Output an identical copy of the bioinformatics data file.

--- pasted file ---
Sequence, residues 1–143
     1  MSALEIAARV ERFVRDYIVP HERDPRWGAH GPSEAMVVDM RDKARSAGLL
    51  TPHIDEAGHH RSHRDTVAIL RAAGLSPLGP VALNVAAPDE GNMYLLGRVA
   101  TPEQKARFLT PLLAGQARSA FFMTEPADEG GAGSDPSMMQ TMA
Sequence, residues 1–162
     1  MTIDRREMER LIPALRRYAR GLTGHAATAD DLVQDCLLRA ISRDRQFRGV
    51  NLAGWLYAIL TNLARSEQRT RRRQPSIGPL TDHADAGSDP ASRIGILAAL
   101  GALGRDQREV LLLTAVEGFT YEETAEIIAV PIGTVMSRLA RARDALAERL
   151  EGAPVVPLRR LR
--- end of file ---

Sequence, residues 1–143
     1  MSALEIAARV ERFVRDYIVP HERDPRWGAH GPSEAMVVDM RDKARSAGLL
    51  TPHIDEAGHH RSHRDTVAIL RAAGLSPLGP VALNVAAPDE GNMYLLGRVA
   101  TPEQKARFLT PLLAGQARSA FFMTEPADEG GAGSDPSMMQ TMA
Sequence, residues 1–162
     1  MTIDRREMER LIPALRRYAR GLTGHAATAD DLVQDCLLRA ISRDRQFRGV
    51  NLAGWLYAIL TNLARSEQRT RRRQPSIGPL TDHADAGSDP ASRIGILAAL
   101  GALGRDQREV LLLTAVEGFT YEETAEIIAV PIGTVMSRLA RARDALAERL
   151  EGAPVVPLRR LR